It’s hard to believe the last dual-GPU video card by NVIDIA was the GeForce GTX 295 and that card was launched way back in January 2009! For more than two years there wasn’t an update for this flagship part, but that all changed today with the GeForce GTX 590. To make this dual-GPU beast work the engineers at NVIDIA took the GF110 GPU that is found on the GeForce GTX 580/570 cards and reduced the clock speeds to make a card that was running at 365W. The NVIDIA GeForce GTX 590 is a welcomed addition to the NVIDIA GeForce 500 series of graphics cards and it did prove itself to be faster than the GeForce GTX 580 and is the new flagship video card for NVIDIA!
The lack of fan noise and the tame GPU temperatures were very impressive to us during testing. We saw the GeForce GTX590 get into the low 80C’s during game benchmarking with the fan on auto and that was a bit of a shock considering what hardware is on this card. One of the reasons that this video card ran so cool is that NVIDIA had to drop the frequency from 772MHz used on the GTX 580 cards to 607MHz for the GTX 590. This obviously reduced the capabilities of the card, but NVIDIA wanted it to fit in that 365W TDP category. We did notice that while this GPU cooler used on the GeForce GTX 590 is great for mild overclocks it wasn’t designed for those that want to increase GPU voltages and do extreme overclocking. With the right cooling, though, this card is going to be amazing as we were able to hit over 800MHz with the stock cooler, but our attempts at high benchmarking numbers were foiled due to the voltage throttling on the card when a certain temperature or power draw is reached.
We know that companies already have water blocks available for these cards as EVGA is coming out with a water cooled card. That route would be the best choice if you wanted to overclock and get the most performance out of your system. EVGA told us that their water cooled GeForce GTX 590 classified card will run $879, which puts it in a league of its own! After overclocking the card we now know why NVIDIA went with such a conservative clock setting, but with the right cooling it can be overclocked. In case you don’t know the clock speeds on the GeForce 500 series cards you can check them out below.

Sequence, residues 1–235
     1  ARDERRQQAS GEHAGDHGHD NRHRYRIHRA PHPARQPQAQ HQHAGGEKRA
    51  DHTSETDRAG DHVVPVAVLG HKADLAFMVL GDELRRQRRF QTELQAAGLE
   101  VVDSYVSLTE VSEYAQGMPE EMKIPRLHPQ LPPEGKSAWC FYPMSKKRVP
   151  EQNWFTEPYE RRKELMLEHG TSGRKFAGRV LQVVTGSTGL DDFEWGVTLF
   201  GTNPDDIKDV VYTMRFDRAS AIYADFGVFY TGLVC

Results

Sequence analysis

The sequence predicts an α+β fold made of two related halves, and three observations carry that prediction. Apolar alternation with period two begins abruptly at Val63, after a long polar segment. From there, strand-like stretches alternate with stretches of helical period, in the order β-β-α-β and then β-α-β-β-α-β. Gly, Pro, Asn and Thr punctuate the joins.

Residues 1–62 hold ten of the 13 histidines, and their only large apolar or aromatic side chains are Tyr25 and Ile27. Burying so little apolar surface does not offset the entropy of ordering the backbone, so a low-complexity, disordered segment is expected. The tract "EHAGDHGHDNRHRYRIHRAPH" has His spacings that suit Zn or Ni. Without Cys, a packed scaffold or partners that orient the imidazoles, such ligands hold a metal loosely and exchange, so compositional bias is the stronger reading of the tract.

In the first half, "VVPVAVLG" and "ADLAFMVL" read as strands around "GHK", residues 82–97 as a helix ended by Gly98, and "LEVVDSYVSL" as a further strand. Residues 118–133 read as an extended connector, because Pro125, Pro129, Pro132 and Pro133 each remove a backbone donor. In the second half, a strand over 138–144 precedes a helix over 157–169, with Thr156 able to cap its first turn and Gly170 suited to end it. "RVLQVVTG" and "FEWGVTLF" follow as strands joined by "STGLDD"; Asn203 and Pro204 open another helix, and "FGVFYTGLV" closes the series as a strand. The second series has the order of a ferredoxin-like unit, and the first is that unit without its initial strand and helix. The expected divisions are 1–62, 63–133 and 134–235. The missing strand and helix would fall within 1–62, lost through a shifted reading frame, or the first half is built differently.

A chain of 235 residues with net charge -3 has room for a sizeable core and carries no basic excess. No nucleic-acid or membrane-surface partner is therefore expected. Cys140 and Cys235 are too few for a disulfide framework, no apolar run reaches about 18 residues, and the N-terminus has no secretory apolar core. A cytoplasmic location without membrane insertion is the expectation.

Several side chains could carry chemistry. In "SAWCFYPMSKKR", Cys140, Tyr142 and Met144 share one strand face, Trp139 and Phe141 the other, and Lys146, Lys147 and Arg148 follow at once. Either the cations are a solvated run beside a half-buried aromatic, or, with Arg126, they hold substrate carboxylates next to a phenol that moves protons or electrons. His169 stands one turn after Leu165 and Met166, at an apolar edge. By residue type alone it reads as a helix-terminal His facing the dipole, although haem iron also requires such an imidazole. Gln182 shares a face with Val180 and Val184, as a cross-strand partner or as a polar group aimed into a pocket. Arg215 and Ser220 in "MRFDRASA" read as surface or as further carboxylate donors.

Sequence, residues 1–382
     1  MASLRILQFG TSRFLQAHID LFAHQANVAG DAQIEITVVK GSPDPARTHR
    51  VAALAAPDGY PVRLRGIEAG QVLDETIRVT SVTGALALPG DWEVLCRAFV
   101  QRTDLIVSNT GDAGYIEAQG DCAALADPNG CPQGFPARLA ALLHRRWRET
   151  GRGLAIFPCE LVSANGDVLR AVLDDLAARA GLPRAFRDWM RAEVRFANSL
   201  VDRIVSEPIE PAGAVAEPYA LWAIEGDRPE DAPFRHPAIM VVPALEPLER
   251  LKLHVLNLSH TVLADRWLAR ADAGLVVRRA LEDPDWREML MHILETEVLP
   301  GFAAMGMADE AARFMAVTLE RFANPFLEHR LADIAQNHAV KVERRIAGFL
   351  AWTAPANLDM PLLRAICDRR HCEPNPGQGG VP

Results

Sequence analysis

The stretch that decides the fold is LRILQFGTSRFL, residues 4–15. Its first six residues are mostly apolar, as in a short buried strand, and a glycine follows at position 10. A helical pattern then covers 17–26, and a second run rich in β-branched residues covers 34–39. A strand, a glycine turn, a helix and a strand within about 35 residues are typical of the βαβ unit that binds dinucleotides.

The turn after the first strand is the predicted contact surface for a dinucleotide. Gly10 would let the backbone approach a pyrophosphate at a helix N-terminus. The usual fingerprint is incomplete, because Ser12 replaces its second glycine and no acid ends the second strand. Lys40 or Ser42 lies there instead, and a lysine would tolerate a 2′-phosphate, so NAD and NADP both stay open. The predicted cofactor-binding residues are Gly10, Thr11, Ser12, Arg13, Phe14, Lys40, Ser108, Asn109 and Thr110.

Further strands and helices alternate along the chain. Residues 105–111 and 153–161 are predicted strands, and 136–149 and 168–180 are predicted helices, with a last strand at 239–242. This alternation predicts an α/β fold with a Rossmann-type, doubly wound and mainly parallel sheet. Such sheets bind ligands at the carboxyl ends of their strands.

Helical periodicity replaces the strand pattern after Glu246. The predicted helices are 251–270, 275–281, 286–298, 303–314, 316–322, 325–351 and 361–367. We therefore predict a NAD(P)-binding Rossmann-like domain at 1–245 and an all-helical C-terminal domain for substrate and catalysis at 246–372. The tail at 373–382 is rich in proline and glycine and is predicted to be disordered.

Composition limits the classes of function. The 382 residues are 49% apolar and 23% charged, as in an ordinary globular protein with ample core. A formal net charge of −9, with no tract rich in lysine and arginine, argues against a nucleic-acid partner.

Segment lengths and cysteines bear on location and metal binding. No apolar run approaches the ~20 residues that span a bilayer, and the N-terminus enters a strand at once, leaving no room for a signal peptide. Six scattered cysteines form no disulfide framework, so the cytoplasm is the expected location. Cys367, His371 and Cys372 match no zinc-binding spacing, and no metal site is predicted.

When it comes to pricing the NVIDIA GeForce GTX 590 3GB video card is priced at $699.99, which is $10 less than the AMD Radeon HD 6990 4GB video card as they run $709.99 online. With both cards priced so close together and the gaming performance benchmarks also being split between the two depending on the title it really comes down to what features you want and what drivers that you’ve had the better luck with. We love the fact that you can hook up three monitors with this card and run 3D Vision Surround with just one card. Before this card you always had to run an SLI setup, so for those that run multiple monitors this is a better solution. With stereoscopic 3D, PhysX and tons of CUDA applications this card should be on the short list to buy if you want the ultimate in single card performance. It should also be noted that NVIDIA is only allowing ASUS and EVGA to sell GeForce GTX 590 cards in North America as they are the two best selling brands in this area.
Legit Bottom Line: The NVIDIA GeForce GTX 590 is the new flagship single slot graphics card from NVIDIA and while it wins many of the benchmarks, it doesn’t win them all and faces competition from the AMD Radeon HD 6990 that is equally priced.